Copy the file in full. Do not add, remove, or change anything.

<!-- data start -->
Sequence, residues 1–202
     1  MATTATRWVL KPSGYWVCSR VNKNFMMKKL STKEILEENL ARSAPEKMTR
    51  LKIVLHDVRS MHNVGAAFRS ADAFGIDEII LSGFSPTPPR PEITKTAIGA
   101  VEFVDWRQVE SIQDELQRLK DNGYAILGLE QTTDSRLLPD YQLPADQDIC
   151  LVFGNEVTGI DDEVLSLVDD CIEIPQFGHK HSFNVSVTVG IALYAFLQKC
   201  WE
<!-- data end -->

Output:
Sequence, residues 1–202
     1  MATTATRWVL KPSGYWVCSR VNKNFMMKKL STKEILEENL ARSAPEKMTR
    51  LKIVLHDVRS MHNVGAAFRS ADAFGIDEII LSGFSPTPPR PEITKTAIGA
   101  VEFVDWRQVE SIQDELQRLK DNGYAILGLE QTTDSRLLPD YQLPADQDIC
   151  LVFGNEVTGI DDEVLSLVDD CIEIPQFGHK HSFNVSVTVG IALYAFLQKC
   201  WE